Apple introduced Continuity as a way to bind together various features across the two kinds of systems. It’s great when it works, and it’s clearly gotten better. AirDrop only fails on me sometimes instead of mostly, for example. Continuity includes Instant Hotspot, Universal Clipboard, and other features.
But Macworld reader Tom is having trouble with the Cellular Calls part of Continuity, which effectively extends an iPhone voice calling service to work with any associated Mac or iOS device. He has both Wi-Fi and ethernet active on his Mac laptop when he’s using it at home, and phone calls ring on his Mac through Continuity. However, if he has both ethernet and Wi-Fi active, he can never answer the call: FaceTime reports the call has failed. Disable one networking method, and it works.
Apple’s Continuity setup instructions note that you need to use either ethernet or Wi-Fi for cell calls, but doesn’t say anything about both. My suspicion is that the protocol doesn’t distinguish between two different routes to reach the same destination, resulting in a jumble. (This limitation is likely artificial, as the technology could pick one address or the other on the local network, but it’s clearly not implemented for “multi-homed” situations like this.)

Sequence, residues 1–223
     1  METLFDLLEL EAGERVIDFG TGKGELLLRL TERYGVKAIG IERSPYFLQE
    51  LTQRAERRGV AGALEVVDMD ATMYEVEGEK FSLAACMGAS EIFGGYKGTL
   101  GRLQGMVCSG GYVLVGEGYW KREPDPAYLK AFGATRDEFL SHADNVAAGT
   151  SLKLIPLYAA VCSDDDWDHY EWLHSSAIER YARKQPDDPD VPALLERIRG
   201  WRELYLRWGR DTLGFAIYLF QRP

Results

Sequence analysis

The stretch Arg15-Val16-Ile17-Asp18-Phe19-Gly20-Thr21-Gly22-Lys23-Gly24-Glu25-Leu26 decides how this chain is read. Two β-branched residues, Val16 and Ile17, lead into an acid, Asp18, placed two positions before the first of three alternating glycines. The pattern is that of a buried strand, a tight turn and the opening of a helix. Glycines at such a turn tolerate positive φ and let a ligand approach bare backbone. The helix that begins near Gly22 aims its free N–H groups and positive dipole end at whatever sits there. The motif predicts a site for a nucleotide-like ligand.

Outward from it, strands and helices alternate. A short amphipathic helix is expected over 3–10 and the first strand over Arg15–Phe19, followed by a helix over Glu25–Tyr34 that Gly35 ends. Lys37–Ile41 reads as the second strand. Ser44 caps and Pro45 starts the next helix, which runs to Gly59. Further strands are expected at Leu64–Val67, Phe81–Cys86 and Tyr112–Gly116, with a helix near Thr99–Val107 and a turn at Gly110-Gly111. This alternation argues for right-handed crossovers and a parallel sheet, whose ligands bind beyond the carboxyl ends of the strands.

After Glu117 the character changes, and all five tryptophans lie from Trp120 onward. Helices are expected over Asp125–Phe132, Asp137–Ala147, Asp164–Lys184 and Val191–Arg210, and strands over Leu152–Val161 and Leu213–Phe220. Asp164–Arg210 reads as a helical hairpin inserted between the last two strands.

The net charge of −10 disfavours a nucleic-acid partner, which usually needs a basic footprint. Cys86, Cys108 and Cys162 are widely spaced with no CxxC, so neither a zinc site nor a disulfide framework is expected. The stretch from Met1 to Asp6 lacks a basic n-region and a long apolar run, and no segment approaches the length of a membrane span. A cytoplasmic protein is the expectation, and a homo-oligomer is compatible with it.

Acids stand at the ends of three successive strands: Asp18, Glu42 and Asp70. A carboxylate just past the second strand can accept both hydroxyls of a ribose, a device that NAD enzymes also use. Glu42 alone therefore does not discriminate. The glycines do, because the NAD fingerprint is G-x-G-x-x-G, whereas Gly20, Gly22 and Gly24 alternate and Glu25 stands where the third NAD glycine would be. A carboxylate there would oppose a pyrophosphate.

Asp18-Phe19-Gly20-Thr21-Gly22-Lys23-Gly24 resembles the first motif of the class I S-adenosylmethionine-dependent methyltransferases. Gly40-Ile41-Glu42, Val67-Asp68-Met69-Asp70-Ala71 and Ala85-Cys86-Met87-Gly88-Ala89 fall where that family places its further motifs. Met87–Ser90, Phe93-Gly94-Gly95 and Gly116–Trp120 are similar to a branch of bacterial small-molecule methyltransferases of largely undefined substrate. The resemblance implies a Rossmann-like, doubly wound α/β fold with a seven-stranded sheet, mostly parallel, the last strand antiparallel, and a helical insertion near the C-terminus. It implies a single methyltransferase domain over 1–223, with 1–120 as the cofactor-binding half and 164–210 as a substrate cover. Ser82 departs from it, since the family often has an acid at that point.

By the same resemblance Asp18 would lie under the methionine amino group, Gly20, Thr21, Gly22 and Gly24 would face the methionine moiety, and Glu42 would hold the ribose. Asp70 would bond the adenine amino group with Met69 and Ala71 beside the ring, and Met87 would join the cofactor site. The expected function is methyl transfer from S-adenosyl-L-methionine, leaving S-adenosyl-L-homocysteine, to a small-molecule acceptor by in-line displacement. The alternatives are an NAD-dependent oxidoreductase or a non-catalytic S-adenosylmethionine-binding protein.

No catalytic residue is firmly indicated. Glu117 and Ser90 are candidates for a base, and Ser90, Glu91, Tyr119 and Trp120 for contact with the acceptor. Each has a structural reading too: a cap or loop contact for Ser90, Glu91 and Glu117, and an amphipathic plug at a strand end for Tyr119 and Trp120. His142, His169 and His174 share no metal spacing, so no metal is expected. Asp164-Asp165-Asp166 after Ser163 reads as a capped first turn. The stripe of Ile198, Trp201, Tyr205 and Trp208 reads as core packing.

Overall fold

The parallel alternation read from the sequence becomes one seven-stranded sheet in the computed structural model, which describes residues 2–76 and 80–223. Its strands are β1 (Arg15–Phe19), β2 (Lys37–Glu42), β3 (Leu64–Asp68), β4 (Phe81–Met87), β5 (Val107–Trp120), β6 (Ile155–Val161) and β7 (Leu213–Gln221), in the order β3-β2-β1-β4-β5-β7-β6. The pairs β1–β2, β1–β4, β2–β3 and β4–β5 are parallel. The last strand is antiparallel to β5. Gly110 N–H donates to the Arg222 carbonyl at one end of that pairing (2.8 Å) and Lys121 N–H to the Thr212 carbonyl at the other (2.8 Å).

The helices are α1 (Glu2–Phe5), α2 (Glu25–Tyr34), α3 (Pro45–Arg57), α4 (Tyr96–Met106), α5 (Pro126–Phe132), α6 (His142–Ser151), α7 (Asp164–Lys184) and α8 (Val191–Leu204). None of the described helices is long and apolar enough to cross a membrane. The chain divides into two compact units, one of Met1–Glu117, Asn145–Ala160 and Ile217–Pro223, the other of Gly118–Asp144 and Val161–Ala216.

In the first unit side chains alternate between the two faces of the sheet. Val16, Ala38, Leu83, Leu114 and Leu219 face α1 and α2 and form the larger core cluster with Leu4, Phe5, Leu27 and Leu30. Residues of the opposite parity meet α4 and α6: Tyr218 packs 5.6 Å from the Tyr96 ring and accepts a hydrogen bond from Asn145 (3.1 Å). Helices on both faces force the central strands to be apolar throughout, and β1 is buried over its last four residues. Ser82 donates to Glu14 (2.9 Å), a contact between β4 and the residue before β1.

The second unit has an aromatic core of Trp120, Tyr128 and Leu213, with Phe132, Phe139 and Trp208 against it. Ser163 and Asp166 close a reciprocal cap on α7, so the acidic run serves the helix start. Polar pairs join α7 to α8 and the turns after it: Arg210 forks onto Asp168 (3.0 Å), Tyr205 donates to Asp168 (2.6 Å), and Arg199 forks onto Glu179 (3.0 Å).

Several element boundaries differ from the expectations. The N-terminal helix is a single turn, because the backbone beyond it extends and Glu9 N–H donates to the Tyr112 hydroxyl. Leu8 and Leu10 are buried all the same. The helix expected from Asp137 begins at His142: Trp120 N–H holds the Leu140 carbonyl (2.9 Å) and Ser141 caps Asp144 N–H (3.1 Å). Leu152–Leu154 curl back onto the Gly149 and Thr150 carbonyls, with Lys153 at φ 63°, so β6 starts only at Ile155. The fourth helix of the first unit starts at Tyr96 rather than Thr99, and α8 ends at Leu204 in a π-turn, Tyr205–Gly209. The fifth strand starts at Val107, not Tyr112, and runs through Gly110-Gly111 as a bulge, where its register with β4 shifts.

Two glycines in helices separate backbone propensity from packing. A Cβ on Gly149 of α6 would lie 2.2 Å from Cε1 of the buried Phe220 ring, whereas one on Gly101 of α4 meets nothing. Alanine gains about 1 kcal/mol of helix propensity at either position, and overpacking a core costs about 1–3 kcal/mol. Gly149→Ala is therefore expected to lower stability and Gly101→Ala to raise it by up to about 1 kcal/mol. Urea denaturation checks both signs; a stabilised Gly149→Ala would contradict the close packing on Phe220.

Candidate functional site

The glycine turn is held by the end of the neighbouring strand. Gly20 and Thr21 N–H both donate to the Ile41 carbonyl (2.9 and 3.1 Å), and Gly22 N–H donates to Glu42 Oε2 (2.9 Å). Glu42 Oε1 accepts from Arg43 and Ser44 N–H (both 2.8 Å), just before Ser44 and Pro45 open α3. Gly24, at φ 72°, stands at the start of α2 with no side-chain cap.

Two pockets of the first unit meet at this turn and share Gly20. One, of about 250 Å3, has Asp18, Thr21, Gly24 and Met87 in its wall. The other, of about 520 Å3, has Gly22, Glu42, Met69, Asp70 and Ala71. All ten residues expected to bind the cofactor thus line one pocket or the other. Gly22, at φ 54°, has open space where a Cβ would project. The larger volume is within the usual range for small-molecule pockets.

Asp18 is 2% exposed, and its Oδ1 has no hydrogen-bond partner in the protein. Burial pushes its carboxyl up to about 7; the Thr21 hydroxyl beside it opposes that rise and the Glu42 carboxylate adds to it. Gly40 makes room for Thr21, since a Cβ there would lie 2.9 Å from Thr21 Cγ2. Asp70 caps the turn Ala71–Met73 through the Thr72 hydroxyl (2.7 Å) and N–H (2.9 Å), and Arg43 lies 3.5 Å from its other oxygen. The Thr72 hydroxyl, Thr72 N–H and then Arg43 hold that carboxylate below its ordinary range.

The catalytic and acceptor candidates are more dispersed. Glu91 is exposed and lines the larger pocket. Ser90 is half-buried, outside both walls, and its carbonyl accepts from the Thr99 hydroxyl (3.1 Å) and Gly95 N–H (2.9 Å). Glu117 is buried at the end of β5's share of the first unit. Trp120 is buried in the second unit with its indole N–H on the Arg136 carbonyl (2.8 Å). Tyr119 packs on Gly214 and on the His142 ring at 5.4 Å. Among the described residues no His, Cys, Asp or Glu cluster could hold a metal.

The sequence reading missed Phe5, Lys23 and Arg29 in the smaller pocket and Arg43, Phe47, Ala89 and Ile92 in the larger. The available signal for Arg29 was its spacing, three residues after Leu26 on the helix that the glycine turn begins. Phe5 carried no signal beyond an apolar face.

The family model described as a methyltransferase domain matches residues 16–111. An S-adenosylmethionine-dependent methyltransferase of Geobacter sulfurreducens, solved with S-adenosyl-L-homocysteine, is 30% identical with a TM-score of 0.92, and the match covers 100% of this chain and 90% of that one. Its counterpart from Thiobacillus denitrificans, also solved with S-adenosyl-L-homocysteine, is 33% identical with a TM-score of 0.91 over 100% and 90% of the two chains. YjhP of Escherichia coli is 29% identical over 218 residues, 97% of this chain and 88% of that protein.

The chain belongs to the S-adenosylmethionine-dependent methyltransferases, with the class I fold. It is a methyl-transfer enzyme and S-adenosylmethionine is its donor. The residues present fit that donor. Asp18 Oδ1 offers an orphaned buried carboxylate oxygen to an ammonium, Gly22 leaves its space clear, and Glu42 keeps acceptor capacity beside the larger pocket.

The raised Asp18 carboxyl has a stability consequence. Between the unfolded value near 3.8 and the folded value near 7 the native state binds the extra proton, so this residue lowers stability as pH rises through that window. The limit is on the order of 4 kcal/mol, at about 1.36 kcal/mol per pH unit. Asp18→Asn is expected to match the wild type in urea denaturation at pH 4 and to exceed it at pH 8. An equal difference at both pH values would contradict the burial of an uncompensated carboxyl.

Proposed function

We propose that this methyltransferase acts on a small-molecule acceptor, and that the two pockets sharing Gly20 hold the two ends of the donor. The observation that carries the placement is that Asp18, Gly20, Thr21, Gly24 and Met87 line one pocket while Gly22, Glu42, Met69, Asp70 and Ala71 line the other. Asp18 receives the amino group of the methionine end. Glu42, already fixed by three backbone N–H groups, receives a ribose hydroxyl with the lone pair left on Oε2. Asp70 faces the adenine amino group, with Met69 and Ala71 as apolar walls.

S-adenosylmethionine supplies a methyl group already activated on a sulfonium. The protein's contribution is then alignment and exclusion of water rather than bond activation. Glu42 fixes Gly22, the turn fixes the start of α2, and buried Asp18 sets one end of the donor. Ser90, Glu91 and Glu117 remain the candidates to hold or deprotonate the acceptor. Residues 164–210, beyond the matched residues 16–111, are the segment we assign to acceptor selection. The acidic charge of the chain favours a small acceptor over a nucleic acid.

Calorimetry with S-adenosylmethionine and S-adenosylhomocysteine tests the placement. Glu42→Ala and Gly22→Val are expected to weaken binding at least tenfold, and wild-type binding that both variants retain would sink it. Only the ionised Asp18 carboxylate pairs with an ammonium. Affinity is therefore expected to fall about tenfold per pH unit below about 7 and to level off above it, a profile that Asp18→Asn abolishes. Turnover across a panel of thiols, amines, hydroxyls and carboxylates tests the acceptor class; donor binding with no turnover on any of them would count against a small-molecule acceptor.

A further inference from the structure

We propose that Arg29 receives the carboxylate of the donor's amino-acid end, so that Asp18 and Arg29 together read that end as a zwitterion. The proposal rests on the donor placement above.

Tom prefers to use ethernet, because the connection is ostensibly faster and more stable than the Wi-Fi one. But he uses his Apple Watch to unlock his Mac (another Continuity feature) and that works only over Wi-Fi. Thus, he’ll have to pick just Wi-Fi if he wants both Auto Unlock and receiving voice calls on his Mac.
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